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Sign Wars:
The Cluttered Landscape of Advertising


Sign Wars: The Cluttered Landscape of Advertising

Robert Goldman and Stephen Papson
The Guilford Press 1996, 322pp, ISBN 1-57230-034-5

Reviewed by Kate Miles


A war of competing images and slogans has been waged by the advertising industry in an attempt to engage the ever-diminishing attention span of the North American consumer. Sign Wars, written by Robert Goldman and Stephen Papson, deconstructs the strategies used to distinguish one brand name from another by the use of commodity signs. Examining network television ads from the mid 1980's to early 1990's, Goldman and Papson investigate the advertisers' search for the untouched and compelling image to compel the viewer, and the effect of such cultural clear-cutting on the value of any sign.

"As with any war, there is not only something to be won here, but also much to be lost. When advertisers tap into, extract, and appropriate new cultural styles and images for the purpose of placing them in association with their commodities, they also risk a haemorrhaging of meaning. Paradoxically, the more intensely advertisers compete for the most valuable signs, the faster their signs cease to sizzle." p. vi

Sign Wars becomes a bit convoluted when initially communicating the theories; it's real strength is in the deconstruction of the ads themselves. Unfortunately, the illustrations provided are limited to small black-and-white stills which do not always demonstrate that which is being analysed. This insightful and exhaustive analysis of our "cluttered landscape" of commodity signs focuses on the beer, sneaker, credit card and soft drink image wars. When the products themselves are indistinguishable, brand name recognition and loyalty have created a billion-dollar industry of intangible assets. But consumers are not simply fickle, they are becoming more media literate. As the sign wars escalate, viewers resent feeling manipulated. The struggle to capture but not alienate the viewer has led the advertising industry to abandon the Technicolour musicals and saccharine depictions of white-bread culture of the 1980s. Goldman and Papson trace the introduction of advertising "realism", such as the hand-held camera and jump cuts, as an initial attempt to play on the viewer's search for authenticity.

Exploring the contemporary landscape of signs and images, Goldman and Papson identify three modes of communication. Ads such as the Energizer bunny banging its way through inane commercials for bogus products affirm the alienated state of the spectators who feel manipulated into parting with their money. By contrast, the Saturn campaign uses home movies, Pat Boone songs and sepia toned footage to invoke nostalgia for a simpler time, when one wasn't bombarded with advertisements. Saturn's commitment to personalised service and company loyalty, including the infamous Saturn owners picnic in Spring Hill, population 1200, responds to the consumer's yearning for a commodity community. Finally, in one of the more illuminating chapters, Sign Wars examines "Authenticity in the Age of the Poseur", which seeks to explain why your favourite indie band just showed up in an ad for The Gap.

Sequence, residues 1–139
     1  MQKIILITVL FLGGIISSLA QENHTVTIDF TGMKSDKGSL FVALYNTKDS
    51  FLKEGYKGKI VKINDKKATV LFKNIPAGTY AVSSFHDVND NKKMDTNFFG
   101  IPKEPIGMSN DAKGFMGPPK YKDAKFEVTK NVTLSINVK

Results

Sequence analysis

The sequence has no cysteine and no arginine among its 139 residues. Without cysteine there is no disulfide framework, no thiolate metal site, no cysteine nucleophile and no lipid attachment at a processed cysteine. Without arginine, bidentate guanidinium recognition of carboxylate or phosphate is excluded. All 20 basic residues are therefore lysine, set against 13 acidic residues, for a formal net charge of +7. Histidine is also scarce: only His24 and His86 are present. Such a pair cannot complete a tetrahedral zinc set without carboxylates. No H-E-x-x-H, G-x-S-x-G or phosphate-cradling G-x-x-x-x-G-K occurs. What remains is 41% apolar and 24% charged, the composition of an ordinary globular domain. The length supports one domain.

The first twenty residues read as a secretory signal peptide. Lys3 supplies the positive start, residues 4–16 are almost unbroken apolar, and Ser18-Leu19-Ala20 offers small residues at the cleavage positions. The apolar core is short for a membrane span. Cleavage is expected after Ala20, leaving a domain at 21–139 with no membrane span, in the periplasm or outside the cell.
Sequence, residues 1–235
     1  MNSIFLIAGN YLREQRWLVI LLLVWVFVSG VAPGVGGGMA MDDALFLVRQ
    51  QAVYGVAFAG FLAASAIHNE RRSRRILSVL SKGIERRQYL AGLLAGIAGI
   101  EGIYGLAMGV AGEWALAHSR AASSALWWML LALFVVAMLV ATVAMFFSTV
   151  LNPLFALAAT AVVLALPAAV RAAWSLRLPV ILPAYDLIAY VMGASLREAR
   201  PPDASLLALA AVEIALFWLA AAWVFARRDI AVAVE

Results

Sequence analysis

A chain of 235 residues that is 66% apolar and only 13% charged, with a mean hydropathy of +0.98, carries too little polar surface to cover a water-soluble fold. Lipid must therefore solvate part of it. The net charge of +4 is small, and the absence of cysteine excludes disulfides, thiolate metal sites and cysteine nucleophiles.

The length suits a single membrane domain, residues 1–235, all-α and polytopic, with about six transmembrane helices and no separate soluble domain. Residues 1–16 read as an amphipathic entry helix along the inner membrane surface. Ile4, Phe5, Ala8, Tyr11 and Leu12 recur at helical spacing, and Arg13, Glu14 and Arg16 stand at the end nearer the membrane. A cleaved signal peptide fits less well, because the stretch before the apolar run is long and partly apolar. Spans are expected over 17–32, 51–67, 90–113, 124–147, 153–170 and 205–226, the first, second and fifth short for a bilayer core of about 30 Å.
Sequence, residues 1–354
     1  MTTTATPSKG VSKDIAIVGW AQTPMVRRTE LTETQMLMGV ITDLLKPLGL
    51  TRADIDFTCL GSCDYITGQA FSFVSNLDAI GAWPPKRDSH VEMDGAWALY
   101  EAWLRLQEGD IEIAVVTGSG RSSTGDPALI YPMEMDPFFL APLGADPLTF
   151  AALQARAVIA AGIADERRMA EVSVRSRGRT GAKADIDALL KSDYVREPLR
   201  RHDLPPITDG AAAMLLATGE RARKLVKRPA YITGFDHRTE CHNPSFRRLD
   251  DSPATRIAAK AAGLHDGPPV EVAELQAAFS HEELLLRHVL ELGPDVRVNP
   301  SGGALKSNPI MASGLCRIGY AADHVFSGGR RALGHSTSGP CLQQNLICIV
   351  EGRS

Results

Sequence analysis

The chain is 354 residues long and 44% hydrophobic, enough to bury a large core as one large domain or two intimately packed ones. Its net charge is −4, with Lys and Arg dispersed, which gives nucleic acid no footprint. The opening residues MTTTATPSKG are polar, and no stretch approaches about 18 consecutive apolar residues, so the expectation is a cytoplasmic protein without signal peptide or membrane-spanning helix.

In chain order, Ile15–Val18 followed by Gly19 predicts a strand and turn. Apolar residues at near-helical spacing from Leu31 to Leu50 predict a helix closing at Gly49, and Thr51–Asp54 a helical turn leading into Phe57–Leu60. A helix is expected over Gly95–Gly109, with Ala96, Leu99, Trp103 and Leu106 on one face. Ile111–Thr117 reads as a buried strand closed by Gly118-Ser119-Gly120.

Sign Wars also includes a chapter on green eco-marketing and the exploitation of the spectacle of nature. An analysis of the Downy refill reveals a societal acceptance of recycling as a viable method to save the planet, and the use of children as a signifier of environmental wellness. A chapter on corporate promotional videos reveals a similar agenda to manipulate the public trust. Following Three Mile Island and Chernobyl, the U.S. Committee for Energy Awareness, ran a series of TV ads featuring the "Nuclear Mom". She states, "When I was in college, I was against nuclear energy, but I've reached a different conclusion. It means cleaner air for the planet."

While the motive behind every advertisement is obviously money and power, Goldman and Papson's focus is sociological, therefore they tend to highlight the methods of mirroring and challenging the culture of the viewer rather than the needs and motives of a commodity-based economy. Although they do comment on the disintegration of history as a compelling narrative, and the celebration of superficial appearances over the scared and meaningful, Sign Wars is primarily a deconstruction of a series of advertisements. This can become repetitive, and one longs for an analysis of the "why" along with the "how". Nonetheless, Papson and Goldman's sweeping research makes for compelling reading, and would be of tremendous use to those investigating advertising in the world of contemporary media.

 

Published in Sources, Number 43, Winter 1999.

 

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